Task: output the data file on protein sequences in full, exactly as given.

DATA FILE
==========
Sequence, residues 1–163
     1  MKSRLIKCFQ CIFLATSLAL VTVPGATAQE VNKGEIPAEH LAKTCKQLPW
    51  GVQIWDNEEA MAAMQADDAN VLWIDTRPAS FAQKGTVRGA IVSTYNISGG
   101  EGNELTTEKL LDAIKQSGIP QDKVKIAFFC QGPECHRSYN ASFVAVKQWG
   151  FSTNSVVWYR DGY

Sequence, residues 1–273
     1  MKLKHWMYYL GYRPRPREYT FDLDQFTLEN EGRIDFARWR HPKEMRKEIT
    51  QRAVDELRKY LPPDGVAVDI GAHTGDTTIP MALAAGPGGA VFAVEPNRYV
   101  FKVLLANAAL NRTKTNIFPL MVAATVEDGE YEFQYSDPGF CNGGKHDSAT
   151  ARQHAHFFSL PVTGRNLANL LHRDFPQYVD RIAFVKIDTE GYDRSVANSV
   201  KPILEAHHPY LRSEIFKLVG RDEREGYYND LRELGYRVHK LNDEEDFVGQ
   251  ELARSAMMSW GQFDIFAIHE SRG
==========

Sequence, residues 1–163
     1  MKSRLIKCFQ CIFLATSLAL VTVPGATAQE VNKGEIPAEH LAKTCKQLPW
    51  GVQIWDNEEA MAAMQADDAN VLWIDTRPAS FAQKGTVRGA IVSTYNISGG
   101  EGNELTTEKL LDAIKQSGIP QDKVKIAFFC QGPECHRSYN ASFVAVKQWG
   151  FSTNSVVWYR DGY

Sequence, residues 1–273
     1  MKLKHWMYYL GYRPRPREYT FDLDQFTLEN EGRIDFARWR HPKEMRKEIT
    51  QRAVDELRKY LPPDGVAVDI GAHTGDTTIP MALAAGPGGA VFAVEPNRYV
   101  FKVLLANAAL NRTKTNIFPL MVAATVEDGE YEFQYSDPGF CNGGKHDSAT
   151  ARQHAHFFSL PVTGRNLANL LHRDFPQYVD RIAFVKIDTE GYDRSVANSV
   201  KPILEAHHPY LRSEIFKLVG RDEREGYYND LRELGYRVHK LNDEEDFVGQ
   251  ELARSAMMSW GQFDIFAIHE SRG